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‘Tastes like venison’: Politician admits to eating the elephant he hunted

In this Jan. 29, 2003, file photo, an elephant crosses a river in Samburu national park in Kenya. (Karel Prinsloo/AP)

An Australian lawmaker took to the floor of a state parliament this week to denounce "the insidious growth of skewed animal rights ideology." Then he was interrupted with a question: "Did you eat the elephant?"

"Yes," answered Robert Borsak, the lawmaker.

Borsak, a member of the Shooters, Fishers and Farmers Party, has been pictured with an elephant he shot during a hunting trip to Africa a decade ago. And while he railed against hunting critics in the Parliament of New South Wales this week, he confirmed that he did, indeed, eat the elephant he killed.

"Yes I did, but it wasn't in one sitting," he told the Sydney Morning Herald following the admission. "It tastes like venison. There are parts of the head and the neck which we sliced and fried with a bit of butter; it's very tasty."

It would have been wasteful to not utilize the animal after killing it, he added. Borsak told CNN he ate one meal of elephant and then ate more as dried cured meat while he was hunting.

"What do you think happens to elephant carcasses that are killed under license?" Borsak said to CNN. "They are the property of the traditional owners. They value the meat as one of their only sources of protein."

Green Party MP Jeremy Buckingham, who interrupted Borsak's floor speech to ask whether he ate the elephant, called the admission "disgusting."

The fight to save African elephants

"It’s sick to shoot and kill an elephant for thrills, and it’s revolting that Mr. Borsak would eat the elephant," Buckingham told NewsCorp.

Borsak defended hunters during his floor speech as "the original conservationists" who don't "actively tolerate animal cruelty."

"The welfare of animals is important, very important, but humans have a right to eat meat if they choose to do so. It is as simple as that," he said. "I choose to hunt and gather my own meat because it is my right to do so. It is a clean, organic and sustainable way to live. I choose to cull feral and invasive animals because culling protects our native species and habitats, and I consider myself a responsible and ethical hunter and fisher."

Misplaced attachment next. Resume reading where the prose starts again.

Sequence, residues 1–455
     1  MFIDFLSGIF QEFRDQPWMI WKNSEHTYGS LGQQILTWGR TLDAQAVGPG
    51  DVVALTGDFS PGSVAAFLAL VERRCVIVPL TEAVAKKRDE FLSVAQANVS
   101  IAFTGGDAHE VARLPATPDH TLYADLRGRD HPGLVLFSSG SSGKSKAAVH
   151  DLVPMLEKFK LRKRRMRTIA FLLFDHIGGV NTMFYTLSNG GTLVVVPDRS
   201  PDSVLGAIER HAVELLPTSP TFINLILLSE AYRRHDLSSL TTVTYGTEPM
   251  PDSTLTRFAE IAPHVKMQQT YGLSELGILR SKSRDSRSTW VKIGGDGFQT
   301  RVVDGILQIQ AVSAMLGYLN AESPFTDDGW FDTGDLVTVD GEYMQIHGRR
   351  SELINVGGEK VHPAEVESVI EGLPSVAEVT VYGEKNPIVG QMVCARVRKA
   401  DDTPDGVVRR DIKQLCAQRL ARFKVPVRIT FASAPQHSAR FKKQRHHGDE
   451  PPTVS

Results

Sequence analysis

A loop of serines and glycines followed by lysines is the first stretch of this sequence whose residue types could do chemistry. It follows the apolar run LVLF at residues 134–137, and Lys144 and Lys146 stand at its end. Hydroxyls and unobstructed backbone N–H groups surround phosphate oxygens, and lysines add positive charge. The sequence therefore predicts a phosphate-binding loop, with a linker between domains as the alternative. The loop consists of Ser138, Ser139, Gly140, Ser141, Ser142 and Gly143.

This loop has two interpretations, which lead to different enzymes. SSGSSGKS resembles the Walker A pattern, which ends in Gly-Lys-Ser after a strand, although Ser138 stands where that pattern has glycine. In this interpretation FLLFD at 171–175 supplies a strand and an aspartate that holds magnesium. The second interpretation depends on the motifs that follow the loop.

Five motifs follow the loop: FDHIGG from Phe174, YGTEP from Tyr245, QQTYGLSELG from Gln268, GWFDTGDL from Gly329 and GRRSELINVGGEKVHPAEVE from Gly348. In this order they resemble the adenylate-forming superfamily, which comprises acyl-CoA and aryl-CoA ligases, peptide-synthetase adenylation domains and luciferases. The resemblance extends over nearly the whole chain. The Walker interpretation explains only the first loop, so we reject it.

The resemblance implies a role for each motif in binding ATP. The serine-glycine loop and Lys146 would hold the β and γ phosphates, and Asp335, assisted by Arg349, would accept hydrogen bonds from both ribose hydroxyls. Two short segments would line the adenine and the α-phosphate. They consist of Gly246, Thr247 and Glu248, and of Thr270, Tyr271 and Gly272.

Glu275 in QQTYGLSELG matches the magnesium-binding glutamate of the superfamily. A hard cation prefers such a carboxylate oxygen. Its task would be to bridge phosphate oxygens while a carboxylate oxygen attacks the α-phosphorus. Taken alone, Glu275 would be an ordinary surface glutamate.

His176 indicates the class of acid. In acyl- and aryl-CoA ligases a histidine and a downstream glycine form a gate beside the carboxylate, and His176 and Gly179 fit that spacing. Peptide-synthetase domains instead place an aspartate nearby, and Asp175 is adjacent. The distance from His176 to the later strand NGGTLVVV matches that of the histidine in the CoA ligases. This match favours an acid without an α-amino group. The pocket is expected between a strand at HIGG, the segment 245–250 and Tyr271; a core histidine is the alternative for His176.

Big-game trophy hunting has attracted plenty of controversy, particularly when photos of hunters posing next to dead lions, giraffes and cheetahs go viral on social media.

The death of Cecil the lion and the big business of big game trophy hunting

The practice is also a multimillion-dollar industry that attracts thousands of hunting tourists to Africa. Proponents of big-game hunts argue that the money handed over by wealthy international hunters to participate in legal hunts goes in part toward conservation programs.

But opponents have criticized big-game hunts, expressing moral outrage and arguing that it fuels illegal activity by funneling animal skins and bones into the black market. They've also called into question the economic benefit to locals, citing government corruption as a complicating factor.

Why female big-game hunters become the hunted online, in a way men don’t

African elephants are considered a vulnerable species, a grade below endangered, by the International Union for Conservation of Nature's Red List. As of 2013, there were an estimated 470,000 elephants on the continent, down from 550,000 in 2006. Conservationist experts have warned that poaching could lead to the animal's extinction within decades.

Borsak wrote a column in the Sydney Morning Herald last year entitled "Why I shoot elephants."

"I posted an account of a trip to Africa on a hunting website about 10 years ago, where it sat without comment or controversy until it was pointed out, most likely by these same 'animal activists,' to the mainstream metropolitan media, which then decided to make it an issue."

The politician argued that elephants are not endangered in southern Africa and they compete with subsistence farmers. Borsak wrote he hunted under a Zimbabwe management program that charges hunters to "humanely shoot elephants that are destroying crops."

"You can imagine what damage problem elephants can cause to these crops. Elephants also kill many rural Zimbabweans each year," he wrote. "They go into the crops, generally at night, and while the villagers try to keep guard, beating pots and pans in an effort to drive them away, their efforts mostly fail. Indeed if they enrage the animals, they are often trampled."

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